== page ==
But I always was playing. I played in the church leagues or community leagues and I just kept playing and playing. I’d go to the Y and play and I’d find games at the park. In about 2006, 2007, I was playing and I blew my meniscus out. I thought, “I can keep playing for a week or two.” And a few weeks later I’m playing up on campus and I blew out my ACL and then I had to have that rebuilt. They decided to do micro-fracture surgery.
But I recovered from that and I was back to playing and then about 2010, I ruptured my Achilles playing ball. And that’s a long recovery. I did the rehab and the doctor said, “You can basically assume that your Achilles is made out of Kevlar. Now it's super tough. You'll be able to play for the rest of your life.” And so three days after he said that I went out and ruptured again.
And so I finally decided that I had to quit. I decided that was slowing down my writing, so I had to choose between basketball and writing. So I choose writing because it wasn't going to land me on the surgery table anymore. So I haven't played in probably 10 years. I can’t even shoot free throws because it always turns into a game. So that’s why The Only Good Indians has basketball in it. I can’t play on the court anymore. So I have to play on the page.
When you were working on those scenes, what were you watching, reading or thinking about?
You know what really impressed me? And I kind of wrote about this a little bit in the book, bu I've always loved the way that Reggie Miller talks about Cheryl Miller. So I put some of that in the book. So if there, if there is any inspiration for it, it's probably just how, how lovingly he talks about his sister and her game. And she probably didn't kick her leg out when she would shoot a three like Reggie did.
In 2003 I tried to put basketball into a novel, The Bird Has Gone, but it didn't work out. I mean, I left some in it, but I couldn't get it on the page in the right way. And then I tried again in 2007 and a novel and again, I didn't get on the page in the way I meant it to. And I think the reason was that I was still playing hard back then. But now that I'm remved from it, it gives me the distance. I can kind of mythologize it in a way.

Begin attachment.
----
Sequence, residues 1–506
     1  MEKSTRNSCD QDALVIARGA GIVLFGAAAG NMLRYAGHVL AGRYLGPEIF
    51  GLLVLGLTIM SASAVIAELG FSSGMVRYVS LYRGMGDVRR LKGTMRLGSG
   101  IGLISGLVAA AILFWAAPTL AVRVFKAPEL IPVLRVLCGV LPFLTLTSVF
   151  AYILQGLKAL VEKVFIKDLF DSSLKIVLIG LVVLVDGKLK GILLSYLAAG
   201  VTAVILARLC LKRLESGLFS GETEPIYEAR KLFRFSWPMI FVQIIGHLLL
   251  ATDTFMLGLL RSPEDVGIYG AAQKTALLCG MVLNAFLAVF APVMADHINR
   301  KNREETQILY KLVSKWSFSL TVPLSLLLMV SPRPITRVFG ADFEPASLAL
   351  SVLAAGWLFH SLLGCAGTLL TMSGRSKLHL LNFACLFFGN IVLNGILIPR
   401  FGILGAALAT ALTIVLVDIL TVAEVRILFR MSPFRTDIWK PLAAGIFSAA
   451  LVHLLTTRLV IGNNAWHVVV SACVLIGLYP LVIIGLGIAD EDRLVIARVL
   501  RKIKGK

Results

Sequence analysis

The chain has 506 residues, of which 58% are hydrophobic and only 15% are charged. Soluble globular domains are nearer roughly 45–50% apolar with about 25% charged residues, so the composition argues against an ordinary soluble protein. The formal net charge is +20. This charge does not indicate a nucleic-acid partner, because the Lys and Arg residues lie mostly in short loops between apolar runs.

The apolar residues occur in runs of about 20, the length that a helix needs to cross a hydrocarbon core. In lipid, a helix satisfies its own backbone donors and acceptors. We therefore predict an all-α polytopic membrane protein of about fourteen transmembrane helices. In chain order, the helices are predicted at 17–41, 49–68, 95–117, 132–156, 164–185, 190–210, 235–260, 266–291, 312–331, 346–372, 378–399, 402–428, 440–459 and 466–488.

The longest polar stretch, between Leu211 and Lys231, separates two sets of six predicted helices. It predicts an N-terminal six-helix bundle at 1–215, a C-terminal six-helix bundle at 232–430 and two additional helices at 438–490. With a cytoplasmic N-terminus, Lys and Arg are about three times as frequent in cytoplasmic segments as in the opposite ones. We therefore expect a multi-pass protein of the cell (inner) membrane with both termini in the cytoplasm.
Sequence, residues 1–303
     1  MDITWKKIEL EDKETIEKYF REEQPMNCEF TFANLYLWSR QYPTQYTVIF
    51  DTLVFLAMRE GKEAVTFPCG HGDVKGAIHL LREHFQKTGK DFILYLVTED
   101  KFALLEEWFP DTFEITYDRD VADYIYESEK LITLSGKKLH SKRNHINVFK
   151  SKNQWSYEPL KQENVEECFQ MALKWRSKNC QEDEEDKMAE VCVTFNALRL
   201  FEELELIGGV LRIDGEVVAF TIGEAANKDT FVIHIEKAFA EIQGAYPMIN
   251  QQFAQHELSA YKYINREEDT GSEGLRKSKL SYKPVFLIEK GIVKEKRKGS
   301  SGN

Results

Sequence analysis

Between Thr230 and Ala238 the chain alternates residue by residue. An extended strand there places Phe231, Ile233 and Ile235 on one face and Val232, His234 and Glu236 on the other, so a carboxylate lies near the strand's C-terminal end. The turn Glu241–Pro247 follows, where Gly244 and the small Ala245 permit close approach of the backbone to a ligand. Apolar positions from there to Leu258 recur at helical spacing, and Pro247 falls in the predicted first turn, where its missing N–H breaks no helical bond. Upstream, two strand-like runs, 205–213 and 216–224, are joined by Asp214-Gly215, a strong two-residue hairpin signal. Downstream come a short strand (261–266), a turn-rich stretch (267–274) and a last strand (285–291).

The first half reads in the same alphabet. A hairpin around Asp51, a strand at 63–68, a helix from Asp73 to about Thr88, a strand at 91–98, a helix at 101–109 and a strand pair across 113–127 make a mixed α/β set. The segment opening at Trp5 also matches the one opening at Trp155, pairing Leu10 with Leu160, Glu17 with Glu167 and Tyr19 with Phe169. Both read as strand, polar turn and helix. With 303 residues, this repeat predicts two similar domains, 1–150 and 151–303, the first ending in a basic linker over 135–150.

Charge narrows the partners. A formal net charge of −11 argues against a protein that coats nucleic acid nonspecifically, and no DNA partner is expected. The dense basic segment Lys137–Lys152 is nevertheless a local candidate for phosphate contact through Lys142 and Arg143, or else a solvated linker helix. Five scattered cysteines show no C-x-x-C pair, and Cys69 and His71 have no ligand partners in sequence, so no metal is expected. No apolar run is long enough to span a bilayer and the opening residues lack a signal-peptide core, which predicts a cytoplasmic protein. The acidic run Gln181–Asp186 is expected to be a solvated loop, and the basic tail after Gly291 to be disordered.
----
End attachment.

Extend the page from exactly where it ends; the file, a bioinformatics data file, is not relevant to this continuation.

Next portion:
Are you watching the Finals?
Yeah, I am. I felt like everybody was all over Durant when he went to the Warriors to get a ring, or whatever. But nobody seems to be mad at LeBron and Davis for doing the same thing.
Which players do you follow?
I love Lillard in Portland. I just love how controlled he is and his game. And he has such nerve, too. It's amazing. Probably my favorite player to watch is actually Zach LaVine. I’ve been liking the way he moves. I don’t think he makes the best decisions on the court, but man, if he gets a breakaway...
I’ve always been fascinated by the changing dynamic of young athletes in Texas. Football is still king, but basketball is gaining a big foothold and tons of huge basketball prospects come from Texas these days. Did you play football also?
Coaches would always try to get me to play football, because football coaches think basketball players make good split ends. I could catch the ball pretty well back then, and jump and run. But football never held any interest at all. On Friday nights, I would go to games, but I was always doing stuff under the stands. I was never cared about the game, you know?
You talked a little about mythologizing basketball, and I’d be curious to know what you make of how much information we have now, with player tracking, deep analytics. Every movement is recorded. Do you like having access to everything, or do you like some mystique too?
Pretty much whatever you want, you can dial it up on YouTube. I don't know if that's bad. Sometimes it’s ten o’clock and I’m bored and I find myself watching Tracy McGrady highlight videos and I don’t think that’s bad.
As far as using it for writing, I don't use basketball in that way. Basketball is writing fuel for me, but it's not, like, content fuel. In the same way that Steph Curry will pull up on the logo and put all his weight into the ball and try to get it to the rim, that’s what writing is like to me you know? You're just picking a spot out there and throwing up a prayer.